We take a look at what critics have had to say about this new Regency set romantic comedy….
The Guardian: *** “Mr Malcolm’s List understands its parameters and limitations and the value of leaving the fourth wall unbroken, and maybe above all it understands that Bridgertonian intrigue is in the brisker tradition of Georgette Heyer, not Austen. Everyone involved takes a demure yet also gleeful pleasure in the ridiculous bonnets and preposterous bows, the furbelows, foppery and unfeasibly tall hats.”
The Observer: *** “It’s pleasant, frothy, unapologetically by-numbers stuff. Suzanne Allain’s screenplay, adapted from her own novel, will hold no surprises to anyone with even the vaguest familiarity with the genteel intrigues of Austen’s world. Emma Holly Jones’s perky direction keeps the plot trotting briskly along, but the standout element is Pam Downe’s playful costumes.”
The Jewish Chronicle: **** “Emma Holly Jones delivers a gorgeously acted comedy of errors which, despite its clearly contrived storyline, still manages to showcase some truly outstanding performances from all involved.”
Empire: **** “Though it takes place some 200 years before our present, there’s much about Mr. Malcolm’s List that still rings true today. In the era of dating apps like Hinge, we all have our own lists of requirements for a perfect partner. The astute point that Jones’ film makes is that love can sometimes stem from places, moments and people you don’t see coming and can’t plan for.”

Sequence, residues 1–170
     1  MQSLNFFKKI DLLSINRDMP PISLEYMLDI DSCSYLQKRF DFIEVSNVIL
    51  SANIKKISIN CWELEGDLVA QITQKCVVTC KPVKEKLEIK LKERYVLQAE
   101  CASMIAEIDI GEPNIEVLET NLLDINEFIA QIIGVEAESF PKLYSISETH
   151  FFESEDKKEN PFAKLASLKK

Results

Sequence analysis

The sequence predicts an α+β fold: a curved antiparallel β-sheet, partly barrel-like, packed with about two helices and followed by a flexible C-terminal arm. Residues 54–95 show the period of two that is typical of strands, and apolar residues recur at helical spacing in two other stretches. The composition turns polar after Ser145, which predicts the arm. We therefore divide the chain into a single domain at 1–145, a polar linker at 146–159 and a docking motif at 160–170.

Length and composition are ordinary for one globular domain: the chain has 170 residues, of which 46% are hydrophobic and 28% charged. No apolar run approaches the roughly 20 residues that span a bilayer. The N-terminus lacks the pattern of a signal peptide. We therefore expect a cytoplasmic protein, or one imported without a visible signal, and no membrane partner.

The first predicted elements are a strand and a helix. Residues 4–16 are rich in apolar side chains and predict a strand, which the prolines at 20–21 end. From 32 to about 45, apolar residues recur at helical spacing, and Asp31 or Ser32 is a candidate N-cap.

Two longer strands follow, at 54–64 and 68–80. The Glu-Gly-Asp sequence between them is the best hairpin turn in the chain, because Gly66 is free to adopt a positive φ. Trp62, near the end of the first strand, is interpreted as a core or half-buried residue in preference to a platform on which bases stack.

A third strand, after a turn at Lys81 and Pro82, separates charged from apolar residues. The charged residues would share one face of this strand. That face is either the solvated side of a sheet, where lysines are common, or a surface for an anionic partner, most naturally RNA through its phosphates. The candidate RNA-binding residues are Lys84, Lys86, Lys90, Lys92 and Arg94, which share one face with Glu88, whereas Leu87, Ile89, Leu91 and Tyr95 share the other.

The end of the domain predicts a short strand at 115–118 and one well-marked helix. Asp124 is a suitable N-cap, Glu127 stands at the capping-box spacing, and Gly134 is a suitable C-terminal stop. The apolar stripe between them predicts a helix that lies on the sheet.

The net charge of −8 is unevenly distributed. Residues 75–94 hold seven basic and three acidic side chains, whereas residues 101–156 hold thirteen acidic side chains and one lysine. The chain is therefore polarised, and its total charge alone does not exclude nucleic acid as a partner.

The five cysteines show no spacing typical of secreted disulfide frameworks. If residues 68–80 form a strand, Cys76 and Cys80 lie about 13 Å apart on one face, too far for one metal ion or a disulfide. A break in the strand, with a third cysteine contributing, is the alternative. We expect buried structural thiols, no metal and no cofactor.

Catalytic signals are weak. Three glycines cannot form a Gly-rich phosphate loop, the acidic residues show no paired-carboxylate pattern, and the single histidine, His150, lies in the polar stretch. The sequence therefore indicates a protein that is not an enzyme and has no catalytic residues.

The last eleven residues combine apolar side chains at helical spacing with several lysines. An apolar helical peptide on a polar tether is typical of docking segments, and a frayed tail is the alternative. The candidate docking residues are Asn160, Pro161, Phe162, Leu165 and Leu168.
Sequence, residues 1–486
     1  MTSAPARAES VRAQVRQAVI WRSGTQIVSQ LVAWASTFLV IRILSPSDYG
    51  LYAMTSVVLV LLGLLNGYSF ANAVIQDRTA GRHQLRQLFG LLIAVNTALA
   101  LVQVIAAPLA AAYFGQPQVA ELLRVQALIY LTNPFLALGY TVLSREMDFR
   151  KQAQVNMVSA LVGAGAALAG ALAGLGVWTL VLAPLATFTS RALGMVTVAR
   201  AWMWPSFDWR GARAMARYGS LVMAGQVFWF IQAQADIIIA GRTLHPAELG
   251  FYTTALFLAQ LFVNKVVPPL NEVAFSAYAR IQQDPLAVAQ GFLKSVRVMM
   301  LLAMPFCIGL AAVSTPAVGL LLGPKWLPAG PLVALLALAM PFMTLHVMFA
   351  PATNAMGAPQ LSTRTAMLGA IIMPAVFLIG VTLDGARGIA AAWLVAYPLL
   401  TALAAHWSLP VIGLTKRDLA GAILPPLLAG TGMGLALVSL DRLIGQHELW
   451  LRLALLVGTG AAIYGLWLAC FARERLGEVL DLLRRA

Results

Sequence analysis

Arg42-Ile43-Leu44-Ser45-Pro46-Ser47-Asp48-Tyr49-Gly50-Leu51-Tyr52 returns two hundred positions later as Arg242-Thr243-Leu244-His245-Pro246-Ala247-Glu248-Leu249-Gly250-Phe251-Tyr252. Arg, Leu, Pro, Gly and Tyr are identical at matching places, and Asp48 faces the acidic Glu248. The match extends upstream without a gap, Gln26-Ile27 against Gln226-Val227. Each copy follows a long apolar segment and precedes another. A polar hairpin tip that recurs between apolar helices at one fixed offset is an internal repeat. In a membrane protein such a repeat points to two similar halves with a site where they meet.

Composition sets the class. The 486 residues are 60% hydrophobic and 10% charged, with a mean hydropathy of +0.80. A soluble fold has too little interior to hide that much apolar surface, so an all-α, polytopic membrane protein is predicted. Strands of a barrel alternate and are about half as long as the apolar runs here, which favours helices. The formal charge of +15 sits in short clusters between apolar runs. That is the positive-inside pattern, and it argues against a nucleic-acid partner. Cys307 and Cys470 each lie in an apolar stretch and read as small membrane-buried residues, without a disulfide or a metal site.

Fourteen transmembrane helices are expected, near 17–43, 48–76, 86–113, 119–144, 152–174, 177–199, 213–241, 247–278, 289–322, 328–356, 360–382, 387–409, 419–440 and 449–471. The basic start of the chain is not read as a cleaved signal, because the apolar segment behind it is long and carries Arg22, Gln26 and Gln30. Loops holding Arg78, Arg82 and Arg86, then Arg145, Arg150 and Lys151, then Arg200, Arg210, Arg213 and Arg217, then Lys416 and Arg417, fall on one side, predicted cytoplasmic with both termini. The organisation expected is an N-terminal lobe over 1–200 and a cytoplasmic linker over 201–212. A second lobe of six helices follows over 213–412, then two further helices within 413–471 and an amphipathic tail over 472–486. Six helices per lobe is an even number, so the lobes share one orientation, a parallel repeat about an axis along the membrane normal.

BFI.org: “Jones was afforded sumptuous production values, though successive opulent houses, ballrooms and gardens feel more like window dressing than a lived-in environment that reflects Malcolm’s or Selina’s psyche. A horse auction scene, which unaccountably elicits cinematographer Tony Miller’s most elaborate shot, underscores Malcolm’s approach to acquiring a bride, but the metaphor is hammered home.”
City AM: “Where the film excels is its cast, who seem perfectly matched for their roles. Diversity for the sake of it can be counterproductive, but here director Emily Holly Jones has found the right actor for each role, not just the poshest. Ashton is delightfully acidic as the antagonist, while Dirisu does a great job of revealing vast insecurities beneath the Mr Darcy-like stiffness.”
Close Up Culture: **** “It’s all fun, frolicking ballrooms, formal family gatherings and some sensual dancing (the only time that men and women escaped their courtiers). When Mr Malcolm and Miss Dalton eventually dance, the voltage in the ballroom goes up several amps. You can feel the sexual chemistry seeping out of the screen.”
Evening Standard: **** “Shot in Ireland, on a low-budget, Mr. Malcolm’s List looks spick and span (rooms are uncluttered; bright light pours through handsomely large windows). A few am-dram touches aside, the whole thing moves at a clip. When set against the 2019 short of the same name (starring plank-stiff Gemma Chan as Julia, and preceding Bridgerton by well over a year) it shows how much director Emma Holly Jones has evolved. Her feature-length debut ticks a lot of boxes. She and film-making, in other words, are a very fine match.”
Mr Malcolm’s List is out in cinemas now.